You are correct in your assumption. Oddly enough, I got the info straight from a physician, which you would think would try to prescribe some medication to help fund the medical establishment. This is how it was described to me and the reasoning behind why this works. Get the water as hot as you can stand, without burning yourself. (I have a higher tolerance of pain and have burned myself in the past, but over time, worked out the perfect temp. ) What the hot water does, is releases the histamines in that area of your body, that is being treated. Our body has an allergic reaction to the ivy. With allergies, what do we take? Anti-histamines. So, with the hot water releasing these histamines, that cause the allergic reaction, there is nothing there to cause the itch. I was told that it can take your body, on average, 4-8 hours to replenish the histamines in the applied area, so it depends on the person I suppose. My own personal experience, I get relief from the itching for about 8 hours. When it starts to flare up again, another hot water treatment. Another interesting thing occurs too. The use of the hot water tends to dry out the affected area as well, thus the reaction to the ivy only lasts 3-4 days and it's gone. The drawback to it though, is now you've got dry skin for a few days. I don't experience that too often, but it does happen on occasion and really isn't a big deal to me. But, you could use lotion if you were so inclined. What used to be an 8-10 day irritation, aside from the frustration of trying every over-the-counter method to no avail, is now completely gone within a 3-4 day period. Plus, water is much cheaper than anything else you purchase. I used to hate mowing the grass or working in the yard, due to the ivy that grew along my fence. Now, I go at it with wreckless abandon, not worrying about the ill effects of the reaction, because I've found the perfect way to take care of the problem. IT WORKS! Besides that, what have you got to lose, water is basically free.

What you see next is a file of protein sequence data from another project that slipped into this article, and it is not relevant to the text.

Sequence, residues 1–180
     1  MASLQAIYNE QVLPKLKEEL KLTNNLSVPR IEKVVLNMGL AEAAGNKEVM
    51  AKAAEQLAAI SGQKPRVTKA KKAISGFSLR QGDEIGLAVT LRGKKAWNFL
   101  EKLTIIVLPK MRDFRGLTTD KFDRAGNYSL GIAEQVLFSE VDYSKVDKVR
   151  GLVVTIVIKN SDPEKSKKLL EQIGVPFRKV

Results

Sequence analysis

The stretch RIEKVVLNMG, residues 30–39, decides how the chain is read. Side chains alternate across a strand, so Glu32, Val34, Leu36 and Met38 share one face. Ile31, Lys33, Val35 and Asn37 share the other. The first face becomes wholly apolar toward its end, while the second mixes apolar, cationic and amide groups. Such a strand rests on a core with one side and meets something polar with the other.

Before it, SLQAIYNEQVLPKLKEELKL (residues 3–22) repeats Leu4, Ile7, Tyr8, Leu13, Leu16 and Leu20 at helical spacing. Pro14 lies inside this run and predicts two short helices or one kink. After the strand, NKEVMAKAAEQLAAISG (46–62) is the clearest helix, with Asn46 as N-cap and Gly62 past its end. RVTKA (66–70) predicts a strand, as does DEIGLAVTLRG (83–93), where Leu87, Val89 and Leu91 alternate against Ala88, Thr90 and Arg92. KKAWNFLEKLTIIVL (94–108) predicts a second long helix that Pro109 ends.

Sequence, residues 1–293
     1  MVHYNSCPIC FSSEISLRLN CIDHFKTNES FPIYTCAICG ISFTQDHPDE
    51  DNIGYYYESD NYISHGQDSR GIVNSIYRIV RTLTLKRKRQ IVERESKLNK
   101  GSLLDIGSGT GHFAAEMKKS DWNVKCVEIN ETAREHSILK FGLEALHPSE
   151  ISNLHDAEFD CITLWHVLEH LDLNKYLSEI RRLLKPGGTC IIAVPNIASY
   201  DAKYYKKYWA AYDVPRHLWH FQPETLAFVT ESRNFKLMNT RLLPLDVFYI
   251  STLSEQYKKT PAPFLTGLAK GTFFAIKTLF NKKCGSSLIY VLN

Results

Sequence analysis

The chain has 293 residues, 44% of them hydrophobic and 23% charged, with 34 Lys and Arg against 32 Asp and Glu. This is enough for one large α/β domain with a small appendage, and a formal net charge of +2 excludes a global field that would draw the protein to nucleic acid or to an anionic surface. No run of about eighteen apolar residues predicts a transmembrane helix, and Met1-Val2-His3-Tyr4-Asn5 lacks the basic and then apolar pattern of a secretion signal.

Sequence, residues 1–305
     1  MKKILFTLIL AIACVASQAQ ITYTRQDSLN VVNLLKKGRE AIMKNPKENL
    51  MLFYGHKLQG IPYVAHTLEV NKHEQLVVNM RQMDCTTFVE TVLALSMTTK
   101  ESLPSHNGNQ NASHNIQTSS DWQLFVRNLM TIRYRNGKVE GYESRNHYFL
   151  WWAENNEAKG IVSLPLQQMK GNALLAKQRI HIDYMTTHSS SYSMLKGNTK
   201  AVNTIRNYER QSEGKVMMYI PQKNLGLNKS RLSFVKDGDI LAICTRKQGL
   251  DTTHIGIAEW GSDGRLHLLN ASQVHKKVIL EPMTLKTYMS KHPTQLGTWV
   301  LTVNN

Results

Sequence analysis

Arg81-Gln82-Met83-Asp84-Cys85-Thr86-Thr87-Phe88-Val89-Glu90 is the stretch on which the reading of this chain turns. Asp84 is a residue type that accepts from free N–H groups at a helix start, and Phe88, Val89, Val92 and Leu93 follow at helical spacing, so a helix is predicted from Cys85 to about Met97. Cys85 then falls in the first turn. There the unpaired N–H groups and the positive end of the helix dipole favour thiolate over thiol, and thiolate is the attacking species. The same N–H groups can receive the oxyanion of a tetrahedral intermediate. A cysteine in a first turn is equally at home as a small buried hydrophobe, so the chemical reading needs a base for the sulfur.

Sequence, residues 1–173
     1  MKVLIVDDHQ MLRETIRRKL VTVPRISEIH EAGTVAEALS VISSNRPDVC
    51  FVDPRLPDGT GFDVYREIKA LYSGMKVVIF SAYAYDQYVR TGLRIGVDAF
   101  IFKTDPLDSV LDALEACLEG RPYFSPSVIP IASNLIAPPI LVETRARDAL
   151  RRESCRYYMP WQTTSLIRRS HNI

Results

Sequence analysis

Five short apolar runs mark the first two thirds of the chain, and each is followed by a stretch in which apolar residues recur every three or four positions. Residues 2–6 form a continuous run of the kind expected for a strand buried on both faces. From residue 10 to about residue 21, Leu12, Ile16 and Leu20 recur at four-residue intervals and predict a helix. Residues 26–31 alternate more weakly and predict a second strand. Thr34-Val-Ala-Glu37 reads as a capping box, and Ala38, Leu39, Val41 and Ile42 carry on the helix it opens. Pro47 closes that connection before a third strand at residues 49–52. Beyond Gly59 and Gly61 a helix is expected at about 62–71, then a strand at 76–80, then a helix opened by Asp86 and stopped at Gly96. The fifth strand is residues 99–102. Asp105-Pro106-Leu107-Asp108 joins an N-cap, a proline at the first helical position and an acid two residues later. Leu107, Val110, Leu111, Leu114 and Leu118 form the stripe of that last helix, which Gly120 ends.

Replied by Mountanpalm
Boone, Nc. Watauga, Usa
09/04/2011
4 out of 5 stars

So happy to find another living being that is on the same page as I am. Found this "hot as you can stand" remedy on the internet ten yrs. ago..... I stand by it today. I must have a high tolerance....... As people flinch when I explain the process....... I no longer do the "bathtub'.... Instead the shower...... Which you can regulate better when you get to the point of "intolerance" and move out of the way alot faster..... I get the same sensation as a good "scratch of the itch"..... With the hot water..... And revel in it. (sick, I know, but "ahhhhhh") But it works...... Lasts for 6-8 hours... Itch free for 8 hours........ I'll take it anyday. NOTHING over the counter works this good... I also use calamine to quicken the drying process...... Thanks for your comments!! [I am suffering from a terrible case as I write this......... But there is light.... at the end of this tunnel.]